Recent interceptions linked to the smuggling of migrants at Nicaragua’s border with Costa Rica have illustrated the extent to which clandestine groups and individuals dedicated to the trade continue to operate between both nations, despite mobility restrictions associated with the coronavirus pandemic.
Below, InSight Crime explores how illegal migrant smuggling continues to pose a dilemma on both sides of the borderline.
Perpetual Flows During The Pandemic
On January 4, Costa Rica’s Ministry of Public Security announced authorities had made two arrests linked to separate cases of human smuggling through the nation’s porous northern border with Nicaragua.
Officials revealed a Nicaraguan national with permanent residency status in Costa Rica was caught as he was found transporting five compatriots who had illegally crossed into the country at a clandestine entry point. The suspect had reportedly charged each of the five migrants 10,000 colones (approximately $16) to take them from a farm in Santa Elena, Nicaragua, to the center of Santa Cecilia, a small district located in La Cruz, Guanacaste, Costa Rica.
According to the Ministry of Security, border police later arrested a second suspect in the same district, when he was found driving a Nicaraguan who had illegally entered the country. The migrant claimed he had previously been approached by a stranger in Nicaragua who had promised to take him to Costa Rica for 35,000 colones (just short of $57).
Both prior to and during the pandemic, coyotes, a common term for human smugglers, have worked to move undocumented Nicaraguans into Costa Rica. Such individuals have also been known to help migrants in later making appointments to legitimize their residency in the country, according to a 2020 report published by the Arias Foundation for Peace and Human Progress (Fundación Arias para la Paz y el Progreso Humano) titled “The Faces of Nicaraguan Exile: Expelled and Vulnerable.”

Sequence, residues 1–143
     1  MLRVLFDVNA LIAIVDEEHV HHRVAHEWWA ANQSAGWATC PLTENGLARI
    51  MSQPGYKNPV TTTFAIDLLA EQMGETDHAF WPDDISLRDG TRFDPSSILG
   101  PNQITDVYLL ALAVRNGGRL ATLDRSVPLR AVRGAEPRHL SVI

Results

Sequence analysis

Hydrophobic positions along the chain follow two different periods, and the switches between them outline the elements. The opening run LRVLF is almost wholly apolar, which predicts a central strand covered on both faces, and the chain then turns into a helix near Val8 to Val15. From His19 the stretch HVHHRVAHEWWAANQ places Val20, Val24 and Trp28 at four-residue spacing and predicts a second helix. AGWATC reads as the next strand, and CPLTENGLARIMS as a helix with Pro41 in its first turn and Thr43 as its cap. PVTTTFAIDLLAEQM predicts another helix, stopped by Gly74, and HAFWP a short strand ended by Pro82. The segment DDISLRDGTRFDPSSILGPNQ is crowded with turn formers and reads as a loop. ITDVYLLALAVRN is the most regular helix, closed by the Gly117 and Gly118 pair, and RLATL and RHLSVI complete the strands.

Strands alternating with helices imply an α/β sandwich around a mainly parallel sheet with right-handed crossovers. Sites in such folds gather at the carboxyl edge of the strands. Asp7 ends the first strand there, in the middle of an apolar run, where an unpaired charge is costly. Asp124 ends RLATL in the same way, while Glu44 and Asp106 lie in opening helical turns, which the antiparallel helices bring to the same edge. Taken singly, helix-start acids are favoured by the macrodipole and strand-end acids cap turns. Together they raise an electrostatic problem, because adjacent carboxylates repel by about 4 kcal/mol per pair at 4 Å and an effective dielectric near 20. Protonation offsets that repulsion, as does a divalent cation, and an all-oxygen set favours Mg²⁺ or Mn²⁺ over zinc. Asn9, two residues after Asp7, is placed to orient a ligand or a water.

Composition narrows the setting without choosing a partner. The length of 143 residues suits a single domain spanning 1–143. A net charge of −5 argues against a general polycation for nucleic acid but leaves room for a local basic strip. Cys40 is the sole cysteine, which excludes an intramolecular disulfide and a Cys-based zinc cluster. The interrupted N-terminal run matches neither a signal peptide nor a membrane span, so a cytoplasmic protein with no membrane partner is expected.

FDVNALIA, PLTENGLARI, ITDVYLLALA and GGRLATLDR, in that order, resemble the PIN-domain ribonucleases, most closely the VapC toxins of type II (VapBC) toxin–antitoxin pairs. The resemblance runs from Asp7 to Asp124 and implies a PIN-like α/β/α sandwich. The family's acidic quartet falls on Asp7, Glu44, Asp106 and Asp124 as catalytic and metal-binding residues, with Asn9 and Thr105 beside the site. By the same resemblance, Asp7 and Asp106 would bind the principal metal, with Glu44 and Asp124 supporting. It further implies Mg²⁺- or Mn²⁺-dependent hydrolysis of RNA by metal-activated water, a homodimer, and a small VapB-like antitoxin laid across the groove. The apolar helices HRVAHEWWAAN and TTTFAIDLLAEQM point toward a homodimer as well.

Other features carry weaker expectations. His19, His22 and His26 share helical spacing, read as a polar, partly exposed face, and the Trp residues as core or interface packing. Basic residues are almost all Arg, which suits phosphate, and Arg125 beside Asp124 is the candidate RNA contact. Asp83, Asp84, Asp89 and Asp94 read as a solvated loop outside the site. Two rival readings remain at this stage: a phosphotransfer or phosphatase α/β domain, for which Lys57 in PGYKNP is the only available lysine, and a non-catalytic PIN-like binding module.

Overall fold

The report recognized that pirates — transport groups who illicitly transfer undocumented individuals already in Costa Rican territory, helping them to cross police checkpoints — also assist in the smuggling process.
Ana Yancy Espinoza, academic director at the Arias Foundation for Peace and Human Progress, told InSight Crime that many Nicaraguan migrants see paying coyotes the same way as they see any other service: a beneficial transaction if the price is “moderate,” or a service from which they do not do well out of if the price is disproportionately high or they are robbed in transit.
The Caribbean Connection
Illicit activity at Costa Rica’s northern border extends far beyond coyotes smuggling Nicaraguan migrants into the nation.
Instead, the porous frontier sees dual operations executed by smugglers, as criminal groups help undocumented migrants from the likes of Cuba and Haiti to illegally travel from Costa Rica into Nicaragua, ultimately toward the US.
Last month, Costa Rica’s migration police revealed authorities had dismantled an organized criminal network dedicated to the illicit smuggling of migrants both in and out of the nation via its northern frontier, arresting 10 suspects in the borderland city of Upala.